In my last blog post, that focused on World Refrigeration Day, I touched briefly on the work of researchers at Ecole Polytechnique Fédérale de Lausanne (EPFL). The research, from EPTL’s Soil Mechanics Laboratory, related to using a geothermal heat recovery system to capture the heat in subway tunnels. That energy could then be used to heat and cool nearby homes.
Before I read the report, I was not at all familiar with EPFL. It is a university and research institute, with its main campus in Lausanne, Switzerland, that specializes in natural sciences and engineering. According to the EPFL website, it is Europe's most cosmopolitan technical university. It boasts a diverse student, faculty, and collaborator population comprised of 120+ nationalities, with more than 15,000 students and staff, nearly half involved in research. Astonishingly, EPFL publishes an average of 382 scientific articles each month!
Conventional heat pumps, like DX systems, operate on a vapor-compression cycle. Microturbocompressors, similar to those used for compressed air applications, because of their very low friction, can replace conventional compressors with a resultant reduction in energy consumption. However, the small diameter of the microturbocompressor wheel (typically less than one inch), and its high rotational speed (200,000-500,000 RPM is common), make the design of microturbocompressors extremely complex.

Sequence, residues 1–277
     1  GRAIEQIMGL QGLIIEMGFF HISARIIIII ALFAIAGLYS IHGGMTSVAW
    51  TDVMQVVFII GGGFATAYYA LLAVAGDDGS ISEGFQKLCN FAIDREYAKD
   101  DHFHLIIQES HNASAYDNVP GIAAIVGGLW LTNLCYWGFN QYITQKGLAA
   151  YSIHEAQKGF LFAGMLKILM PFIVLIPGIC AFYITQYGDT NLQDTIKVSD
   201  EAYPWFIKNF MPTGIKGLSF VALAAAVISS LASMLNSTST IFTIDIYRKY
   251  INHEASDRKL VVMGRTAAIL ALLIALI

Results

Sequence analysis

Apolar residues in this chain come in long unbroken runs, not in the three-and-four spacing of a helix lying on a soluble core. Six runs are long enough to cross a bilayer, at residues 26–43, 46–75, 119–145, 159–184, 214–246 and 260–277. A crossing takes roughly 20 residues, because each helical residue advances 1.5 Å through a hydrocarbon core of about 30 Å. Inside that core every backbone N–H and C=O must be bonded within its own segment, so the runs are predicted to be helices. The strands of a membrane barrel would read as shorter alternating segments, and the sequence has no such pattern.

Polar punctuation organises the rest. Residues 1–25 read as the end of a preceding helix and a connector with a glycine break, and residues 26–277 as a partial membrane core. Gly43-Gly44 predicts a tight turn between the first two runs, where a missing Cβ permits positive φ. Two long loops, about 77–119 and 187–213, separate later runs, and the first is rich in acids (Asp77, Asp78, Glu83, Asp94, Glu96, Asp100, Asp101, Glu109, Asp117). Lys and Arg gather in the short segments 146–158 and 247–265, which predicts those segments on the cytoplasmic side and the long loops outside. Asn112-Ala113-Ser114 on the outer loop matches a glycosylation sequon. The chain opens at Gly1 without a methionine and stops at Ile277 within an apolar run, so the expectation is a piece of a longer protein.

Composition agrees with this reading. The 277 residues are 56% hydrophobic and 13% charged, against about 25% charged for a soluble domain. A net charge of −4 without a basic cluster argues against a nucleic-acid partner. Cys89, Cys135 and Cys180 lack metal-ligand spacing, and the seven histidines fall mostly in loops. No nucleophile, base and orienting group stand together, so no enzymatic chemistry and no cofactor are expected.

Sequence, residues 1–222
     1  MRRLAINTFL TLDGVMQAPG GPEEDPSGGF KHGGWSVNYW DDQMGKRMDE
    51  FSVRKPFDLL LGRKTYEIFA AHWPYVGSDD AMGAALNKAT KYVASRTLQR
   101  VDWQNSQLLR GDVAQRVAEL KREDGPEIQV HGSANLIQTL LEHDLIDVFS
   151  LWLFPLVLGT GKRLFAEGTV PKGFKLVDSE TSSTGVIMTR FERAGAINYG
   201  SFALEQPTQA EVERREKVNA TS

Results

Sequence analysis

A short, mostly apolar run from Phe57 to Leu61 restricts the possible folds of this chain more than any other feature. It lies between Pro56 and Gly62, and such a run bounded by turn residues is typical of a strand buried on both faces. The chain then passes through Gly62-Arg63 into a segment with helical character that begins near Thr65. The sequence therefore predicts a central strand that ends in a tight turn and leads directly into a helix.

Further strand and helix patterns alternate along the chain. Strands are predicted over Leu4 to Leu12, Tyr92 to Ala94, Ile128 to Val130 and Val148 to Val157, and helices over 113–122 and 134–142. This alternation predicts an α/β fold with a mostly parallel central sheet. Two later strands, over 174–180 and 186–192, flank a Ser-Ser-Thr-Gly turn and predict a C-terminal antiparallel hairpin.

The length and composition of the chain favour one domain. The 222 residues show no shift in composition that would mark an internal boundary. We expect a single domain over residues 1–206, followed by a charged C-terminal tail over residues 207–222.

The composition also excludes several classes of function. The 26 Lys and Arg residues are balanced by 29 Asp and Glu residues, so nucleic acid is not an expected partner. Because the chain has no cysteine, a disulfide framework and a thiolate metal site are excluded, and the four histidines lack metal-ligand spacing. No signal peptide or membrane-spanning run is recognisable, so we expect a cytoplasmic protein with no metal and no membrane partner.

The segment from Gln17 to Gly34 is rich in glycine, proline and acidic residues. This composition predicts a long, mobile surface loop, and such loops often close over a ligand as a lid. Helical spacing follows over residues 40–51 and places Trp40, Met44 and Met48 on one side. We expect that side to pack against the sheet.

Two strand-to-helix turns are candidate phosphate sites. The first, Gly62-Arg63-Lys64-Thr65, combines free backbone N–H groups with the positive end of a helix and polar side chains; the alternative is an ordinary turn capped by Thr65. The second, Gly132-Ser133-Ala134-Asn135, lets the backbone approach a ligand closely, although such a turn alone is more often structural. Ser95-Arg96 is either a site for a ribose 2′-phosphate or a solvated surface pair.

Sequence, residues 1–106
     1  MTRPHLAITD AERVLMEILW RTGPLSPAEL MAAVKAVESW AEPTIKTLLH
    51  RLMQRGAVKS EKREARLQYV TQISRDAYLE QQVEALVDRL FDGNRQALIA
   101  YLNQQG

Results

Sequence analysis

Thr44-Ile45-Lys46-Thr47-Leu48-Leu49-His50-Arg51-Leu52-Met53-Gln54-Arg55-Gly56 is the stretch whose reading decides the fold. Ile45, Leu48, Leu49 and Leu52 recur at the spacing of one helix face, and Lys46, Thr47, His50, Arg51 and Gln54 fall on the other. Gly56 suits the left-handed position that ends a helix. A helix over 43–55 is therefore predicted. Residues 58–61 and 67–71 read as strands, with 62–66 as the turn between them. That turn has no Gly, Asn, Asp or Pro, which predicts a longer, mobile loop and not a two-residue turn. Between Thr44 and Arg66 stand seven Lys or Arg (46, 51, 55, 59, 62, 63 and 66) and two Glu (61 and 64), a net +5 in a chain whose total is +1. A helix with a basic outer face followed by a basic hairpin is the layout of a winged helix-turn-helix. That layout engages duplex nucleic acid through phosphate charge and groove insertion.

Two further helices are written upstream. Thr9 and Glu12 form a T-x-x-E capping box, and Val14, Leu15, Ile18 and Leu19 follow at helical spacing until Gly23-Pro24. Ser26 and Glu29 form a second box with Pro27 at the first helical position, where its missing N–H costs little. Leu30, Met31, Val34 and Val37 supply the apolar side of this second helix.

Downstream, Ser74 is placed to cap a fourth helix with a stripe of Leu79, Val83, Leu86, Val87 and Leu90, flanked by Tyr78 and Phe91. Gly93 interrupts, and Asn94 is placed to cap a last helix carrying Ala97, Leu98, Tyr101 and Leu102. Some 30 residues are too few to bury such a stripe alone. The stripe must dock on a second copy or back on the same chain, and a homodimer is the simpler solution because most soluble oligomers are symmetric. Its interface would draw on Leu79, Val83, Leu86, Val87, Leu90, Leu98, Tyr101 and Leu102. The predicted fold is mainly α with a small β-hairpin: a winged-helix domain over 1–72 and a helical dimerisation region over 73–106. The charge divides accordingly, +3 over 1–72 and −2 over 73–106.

The first step in that design process is perhaps the most challenging: the calculation of the actual diameter and speed of the wheel. Before EPFL’s breakthrough, engineers were generally forced to rely on design charts which, unfortunately, did not scale down well. By running half-a-million simulations using symbolic regression, the EPFL team was able to generate equations that are accurate at the small sizes involved, provide the same level of detail as more complicated simulations, and can run 1,500 times faster.
The bottom line? Heat pumps with 20-30 percent higher heat transfer coefficients. Since less energy consumption translates to lower carbon emissions, these heat pumps are both energy efficient and environmentally more friendly.
A regular contributor to HPAC Engineering and a member of its editorial advisory board, the author is a principal at Sustainable Performance Solutions LLC, a south Florida-based engineering firm focusing on energy and sustainability.